Magazine article Editor & Publisher

Post-Press Progress in Memphis

Magazine article Editor & Publisher

Post-Press Progress in Memphis

Article excerpt

TWICE THE NUMBER of inserts in half the time, with more accountability and finer zoning possible. It's already happened in Memphis, thanks to control and management software linked to advertising and circulation systems.

On the last morning of Nexpo '98 in Orlando this past week, Commercial Appeal operations director Jimmy V. Hamilton outlined how new inserters and software changed the packaging process at the 205,000-circulation paper.

In over 25 years in various management positions at the paper, said Hamilton, "one of the things I heard regularly was that advertising didn't have enough flexibility in selling and distributing inserts" Among the complaints: advertisers could not get exactly the distribution patterns they wanted; the number of inserts that could be sold was limited; and no acceptable means existed to compete with direct mail.

The solution began five years ago when the paper bought a half dozen SLS-1000 inserters from Bethlehem, Pa.-based GMA -- three have 22 heads and another three have 30 heads with ink-jet labelers. It equipped the inserting systems with software from Burt Technologies, Evergreen, Colo.

Hamilton relayed vice president and general manager Richard Remmert's remarks that before the new equipment went into the mailroom, the ad department (which he then managed) noted not only advertisers' greater use of preprints, but also their "heightened interest in more specific targeting of those inserts." A major goal was to ensure that no competitor gained a targeting advantage over the paper.


That targeting ability now reaches to specific addresses. Though not now utilized to that degree for carrier-delivered newspapers, the portion of a nonsubscriber product that is distributed by mail is sent to specific addresses using the newspaper's database and mailroom software.

"We believe our mailroom operation is one of our strengths as we look to the future competitive environment for advertising market share," said Hamilton.

The software consists of three major sections: ad order entry, packaging and management reporting.

With full-run inserts all but gone, he said, "Our growth has been and will continue to be more tightly focused distribution schemes from our advertisers." For now, the Commercial Appeal handles home delivery and single copy distribution by ZIP code. The system can even split ZIP codes -- something Hamilton said will become more the rule than the exception it is now.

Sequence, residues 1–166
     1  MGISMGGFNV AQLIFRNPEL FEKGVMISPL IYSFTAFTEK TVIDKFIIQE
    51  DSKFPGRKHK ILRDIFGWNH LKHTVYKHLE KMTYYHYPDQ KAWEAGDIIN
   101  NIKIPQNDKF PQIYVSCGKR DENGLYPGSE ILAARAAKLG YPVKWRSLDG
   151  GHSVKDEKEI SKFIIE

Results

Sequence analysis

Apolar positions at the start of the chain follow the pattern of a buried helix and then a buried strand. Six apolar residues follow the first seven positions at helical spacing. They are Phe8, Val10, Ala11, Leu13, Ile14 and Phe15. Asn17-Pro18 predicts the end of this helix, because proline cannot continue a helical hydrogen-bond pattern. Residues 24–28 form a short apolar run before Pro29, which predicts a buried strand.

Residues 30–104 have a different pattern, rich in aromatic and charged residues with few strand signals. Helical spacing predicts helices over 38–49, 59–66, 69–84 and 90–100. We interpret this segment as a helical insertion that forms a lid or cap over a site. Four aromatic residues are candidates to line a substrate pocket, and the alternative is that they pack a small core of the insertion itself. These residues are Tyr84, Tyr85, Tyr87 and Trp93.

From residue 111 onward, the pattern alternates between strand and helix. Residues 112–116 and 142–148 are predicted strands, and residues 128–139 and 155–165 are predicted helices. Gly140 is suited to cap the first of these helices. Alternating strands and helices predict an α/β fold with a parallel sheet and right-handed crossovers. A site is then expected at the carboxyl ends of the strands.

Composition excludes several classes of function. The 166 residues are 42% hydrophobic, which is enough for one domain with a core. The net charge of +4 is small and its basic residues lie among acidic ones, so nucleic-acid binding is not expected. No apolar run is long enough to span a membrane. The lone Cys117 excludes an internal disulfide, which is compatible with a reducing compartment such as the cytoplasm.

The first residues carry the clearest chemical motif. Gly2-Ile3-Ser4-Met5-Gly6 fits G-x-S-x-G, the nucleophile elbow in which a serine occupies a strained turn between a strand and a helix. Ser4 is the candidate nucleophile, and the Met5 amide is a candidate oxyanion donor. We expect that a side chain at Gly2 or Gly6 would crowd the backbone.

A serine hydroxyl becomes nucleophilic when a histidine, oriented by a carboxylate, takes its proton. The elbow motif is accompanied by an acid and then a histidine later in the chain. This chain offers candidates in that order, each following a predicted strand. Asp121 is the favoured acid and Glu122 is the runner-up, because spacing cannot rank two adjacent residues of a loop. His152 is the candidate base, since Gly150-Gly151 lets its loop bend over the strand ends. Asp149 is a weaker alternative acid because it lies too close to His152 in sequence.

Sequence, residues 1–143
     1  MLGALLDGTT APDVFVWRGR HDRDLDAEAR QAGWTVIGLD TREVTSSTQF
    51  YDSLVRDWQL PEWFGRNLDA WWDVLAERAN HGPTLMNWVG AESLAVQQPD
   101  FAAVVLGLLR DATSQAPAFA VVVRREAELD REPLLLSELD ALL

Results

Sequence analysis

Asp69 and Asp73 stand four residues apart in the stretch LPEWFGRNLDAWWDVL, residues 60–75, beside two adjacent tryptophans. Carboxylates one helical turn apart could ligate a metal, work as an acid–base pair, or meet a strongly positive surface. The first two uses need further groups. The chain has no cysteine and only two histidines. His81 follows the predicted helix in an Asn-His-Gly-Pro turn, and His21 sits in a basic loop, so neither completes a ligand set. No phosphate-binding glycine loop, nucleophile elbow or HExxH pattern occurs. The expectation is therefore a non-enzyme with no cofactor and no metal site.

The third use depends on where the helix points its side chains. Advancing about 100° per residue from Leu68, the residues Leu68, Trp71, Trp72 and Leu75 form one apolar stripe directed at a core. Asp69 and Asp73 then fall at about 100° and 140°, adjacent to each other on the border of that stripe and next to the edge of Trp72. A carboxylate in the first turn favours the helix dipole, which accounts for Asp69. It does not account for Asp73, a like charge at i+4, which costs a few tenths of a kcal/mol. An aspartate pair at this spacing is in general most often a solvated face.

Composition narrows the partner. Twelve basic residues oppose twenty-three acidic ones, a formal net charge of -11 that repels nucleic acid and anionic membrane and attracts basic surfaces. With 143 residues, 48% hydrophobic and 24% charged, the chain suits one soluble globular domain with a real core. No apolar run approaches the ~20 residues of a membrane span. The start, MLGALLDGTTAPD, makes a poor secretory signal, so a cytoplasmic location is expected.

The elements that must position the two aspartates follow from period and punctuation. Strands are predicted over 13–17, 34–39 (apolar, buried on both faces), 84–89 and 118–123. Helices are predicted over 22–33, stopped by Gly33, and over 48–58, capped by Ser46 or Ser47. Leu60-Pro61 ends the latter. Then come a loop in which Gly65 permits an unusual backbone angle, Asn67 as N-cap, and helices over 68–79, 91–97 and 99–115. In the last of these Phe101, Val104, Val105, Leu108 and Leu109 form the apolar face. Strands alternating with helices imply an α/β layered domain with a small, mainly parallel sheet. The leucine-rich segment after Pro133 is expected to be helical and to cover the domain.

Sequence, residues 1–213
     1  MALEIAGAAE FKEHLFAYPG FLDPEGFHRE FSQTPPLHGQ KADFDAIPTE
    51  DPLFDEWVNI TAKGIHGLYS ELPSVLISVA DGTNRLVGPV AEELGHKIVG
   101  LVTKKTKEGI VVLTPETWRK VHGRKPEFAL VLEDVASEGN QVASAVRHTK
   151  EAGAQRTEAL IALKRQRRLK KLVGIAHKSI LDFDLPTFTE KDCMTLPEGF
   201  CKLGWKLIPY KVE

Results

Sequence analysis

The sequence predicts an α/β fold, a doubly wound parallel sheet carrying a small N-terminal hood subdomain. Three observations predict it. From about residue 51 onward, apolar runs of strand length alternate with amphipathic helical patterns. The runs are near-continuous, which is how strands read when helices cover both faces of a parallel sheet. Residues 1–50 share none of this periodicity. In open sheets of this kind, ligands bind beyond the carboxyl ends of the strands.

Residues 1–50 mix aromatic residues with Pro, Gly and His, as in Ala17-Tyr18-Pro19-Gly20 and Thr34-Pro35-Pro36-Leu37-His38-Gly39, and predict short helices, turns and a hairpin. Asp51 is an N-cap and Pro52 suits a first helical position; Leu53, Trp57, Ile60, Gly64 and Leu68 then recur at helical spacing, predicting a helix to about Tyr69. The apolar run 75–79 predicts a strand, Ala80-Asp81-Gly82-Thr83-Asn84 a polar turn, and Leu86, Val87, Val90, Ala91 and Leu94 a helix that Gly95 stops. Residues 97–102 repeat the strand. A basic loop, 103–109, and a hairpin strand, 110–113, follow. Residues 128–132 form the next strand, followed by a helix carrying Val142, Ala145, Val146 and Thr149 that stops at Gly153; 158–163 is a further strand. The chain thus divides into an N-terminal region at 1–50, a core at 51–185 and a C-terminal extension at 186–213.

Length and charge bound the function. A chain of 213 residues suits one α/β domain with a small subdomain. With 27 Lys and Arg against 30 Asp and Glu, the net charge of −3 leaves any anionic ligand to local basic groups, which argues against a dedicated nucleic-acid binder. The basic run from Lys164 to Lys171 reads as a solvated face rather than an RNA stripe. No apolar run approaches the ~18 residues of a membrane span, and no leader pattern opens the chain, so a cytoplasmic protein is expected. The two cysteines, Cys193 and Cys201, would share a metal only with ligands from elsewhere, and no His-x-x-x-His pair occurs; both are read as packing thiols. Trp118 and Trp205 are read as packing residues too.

"We have the flexibility to grow... even to the level of address-specific in the not too distant future," he said, without adversely affecting on-time delivery. Advertisers can place inserts in any edition, any day of the week, and can put them into the nonsubscriber publication, delivered on Tuesdays.

Ad staffers enter orders using updated circulation draw from the mainframe circulation customer service system. Closer to the publication date, the publication is synchronized with the updated draw from the circulation system.

Emphasizing the importance of accurate circulation data, Hamilton said that when the data was first downloaded to the Burt system, many papers on fictitious routes and papers not on the correct delivery truck were among the problems found.

Mailers were aware of what was wrong on the manifests, and papers "always got to the right drops," said Hamilton. But with a computer telling inserters to produce a certain number of papers and directing them "to a specific drop on a specific truck," the data must be right. "We spent a lot of time cleaning up our database," he added.

Alternate zoning allows geographic or demographic carrier-route clustering and easy targeting of routes with a common element other than ZIP code. It can also exclude areas of distribution and can set up advertiser profiles for those who always use the same patterns, which can be easily changed when needed, according to Hamilton. …

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